NB. Colour code
Ascension Day - Celebrates the ascension of Jesus into heaven, where he sits at the right hand of the Father and prays for the world. Ascension Day is a reminder to Christians that Jesus took his, as well as our humanity into heaven. The festival marks the end of Jesus' post-resurrection appearance.
Ash Wednesday - The beginning of Lent.
Advent - The season of preparation for Christ's coming at Christmas as well as his 'Second Coming'. Means 'the arrival.' Refers to the coming of the Word of God into the world as a man.
Chanukah - A festival in which the right of every person to follow their own religion is celebrated. During Chanukah, many foods are cooked in oil, and doughnuts and 'Jewish chips,' or potato pancakes are popular. Many games are also played during this time.
Christmas - Commemorates the event in which Christians believe, the Word of God became flesh and lived life as a human. The actual date of Jesus' birth is not known, and the date, December 25th was chosen by the western church.
Corpus Christi -
Easter - Commemorates when Jesus, who had been crucified the day before the Sabbath, was raised to life by God the day after the Sabbath.
Easter Day - The day in which Christians share with Jesus the elation when he was resurrected from the dead.
Epiphany - To the Western Christians, this date is celebrated as they remember the visit of the three Wise Men to the infant Jesus. To the eastern church, Christmas itself is celebrated on this day.
Feast of the Annunciation -The day when the angel Gabriel told Mary she was going to be Jesus' mother.
Good Friday - Day when Christians prepare to share with Jesus the agony and pain he went through on the Cross. All prayers concentrate on the crucifixion of Jesus.
Holy Week - The end of Lent. A week which is set aside for focusing on the death of Christ and his death's meaning for the salvation of the world.
Lent - A solemn time, usually a fasting period, preceding Easter in which Christians remember Jesus' forty days of fasting as well as consider the disciplines of their faith.
Maundy Thursday - The day in which the institution of Holy Communion is celebrated. When a new commandment was given to the people by Jesus.
Passover - A week long celebration which celebrates the birthday of the Jewish peoples. Passover (or Pesach) celebrates the Exodus from Egypt to the promised land of Israel, when the Hebrews were freed from slavery and given their freedom. During Passover, there are many services held in the synagogue and an important ceremonial meal at home called the Seder. At the Seder, the people joining in read passages and sing songs from a book called a haggadah.
Pentecost - Festival in which the Christians celebrate the gift of the Holy Spirit to the apostles. It is a Christian version of a Jewish festival, Shavuot, where the Jews remember the receiving of the Torah at Sinai.
Pesach - See Passover.
Purim - Purim is about deliverance for the Jews. The story which is celebrated can be found in the Bible in the Book of Esther. During this time, Judaism encourages the drinking of wine for certain ceremonies. There is also a custom to exchange presents and give to the poor.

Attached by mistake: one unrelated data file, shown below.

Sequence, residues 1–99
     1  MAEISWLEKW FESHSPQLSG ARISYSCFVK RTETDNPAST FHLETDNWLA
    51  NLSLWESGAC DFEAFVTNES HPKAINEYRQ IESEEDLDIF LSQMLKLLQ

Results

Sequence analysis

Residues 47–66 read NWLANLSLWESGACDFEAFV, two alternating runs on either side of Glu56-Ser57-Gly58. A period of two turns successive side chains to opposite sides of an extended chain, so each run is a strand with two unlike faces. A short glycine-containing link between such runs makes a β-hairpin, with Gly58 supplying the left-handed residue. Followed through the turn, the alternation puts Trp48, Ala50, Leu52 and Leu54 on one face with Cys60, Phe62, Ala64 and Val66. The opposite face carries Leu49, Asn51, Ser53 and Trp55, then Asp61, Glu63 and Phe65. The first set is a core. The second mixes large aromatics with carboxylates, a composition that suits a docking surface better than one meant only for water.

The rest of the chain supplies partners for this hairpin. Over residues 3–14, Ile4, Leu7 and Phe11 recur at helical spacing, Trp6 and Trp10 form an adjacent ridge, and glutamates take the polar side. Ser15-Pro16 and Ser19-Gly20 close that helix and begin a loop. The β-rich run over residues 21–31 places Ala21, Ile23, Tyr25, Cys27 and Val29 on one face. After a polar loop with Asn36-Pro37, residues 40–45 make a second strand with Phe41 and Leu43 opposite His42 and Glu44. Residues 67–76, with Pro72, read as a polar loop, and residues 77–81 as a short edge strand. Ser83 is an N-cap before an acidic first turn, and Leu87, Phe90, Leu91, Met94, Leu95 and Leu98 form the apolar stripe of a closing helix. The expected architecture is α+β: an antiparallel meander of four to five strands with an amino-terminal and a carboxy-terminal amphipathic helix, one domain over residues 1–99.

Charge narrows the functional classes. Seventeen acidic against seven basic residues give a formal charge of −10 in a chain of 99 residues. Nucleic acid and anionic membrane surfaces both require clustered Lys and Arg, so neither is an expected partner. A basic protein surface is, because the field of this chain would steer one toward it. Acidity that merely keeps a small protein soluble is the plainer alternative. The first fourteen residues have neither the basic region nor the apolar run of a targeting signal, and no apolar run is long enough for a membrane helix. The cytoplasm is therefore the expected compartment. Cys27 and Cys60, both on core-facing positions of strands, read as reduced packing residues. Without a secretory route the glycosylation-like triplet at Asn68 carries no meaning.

Rosh Hashanah - 'Head of the Year.' A festival which occurs on the Jewish New Year in which a shofar, an instrument made out of a ram's horn, is blown in remembrance of Abraham's readiness to sacrifice his son, Isaac to God. It also reminds them that God is the ruler and judge and that the people have to improve their ways. According to Jewish tradition, Rosh Hashanah is the birthday of the world. It is a day where the Jews pray not only for themselves, but for all mankind.
Sabbath - For the Jews, this is the seventh day. (Saturday) The Sabbath, according to the Ten Commandments, is a day which must be kept holy and a day of rest.
Shavuot - A pilgrim festival, where in ancient times, the Jewish people used to make a pilgrimage to the Temple in Jerusalem. Shavuot is the birthday of the Jewish religion. According to Judaism, the Torah was given to Jews on Sinai. During Shavuot, it is a Jewish custom to stay up all night and study the Torah as well as eat dairy products.
Shrove Tuesday - The day before Lent which is also known as Pancake Day. This is because this is the day in which all the essential food products are used up before Lent, the period of fasting, and it was traditional that pancakes were cooked with there products.
Simchat Torah - A festival in which the only time the Torah is read during the evening. Everyone, including the children, are 'called up' to the reading of the Torah. Simchat Torah is when the annual cycle of Torah readings is completed and restarted. It symbolizes continuity and unity.
Succot - The word Succot means Tabernacles. Succot is a joyful festival where for a week, some Jews, will build a succah, have their meals in it and perhaps even sleep there. The succah reminds the Jews that life is only for a short period of time, and just like the succah can be damaged by rain and wind, so can their lives be shortened due to bad health or accidents.
Tabernacle - See Succot.
Trinity Sunday - Sums up all the observances in the Church's calendar from Advent up until Pentecost. On Trinity Sunday, the Church is reminded of God's eternal nature - they remember that they worship one God in three persons (Father, Son and the Holy Spirit)
Whitsuntide - See Pentecost.
Yom Kippur - The Day of Atonement. Considered the holiest day of the Jewish calendar and the most important and most observed of all fast days. Every healthy adult Jew is required to fast. (The ill, pregnant women, people who require essential medicines and children under the age of thirteen do not have to fast.) jews sometimes give the money that they save on food to helping the hungry.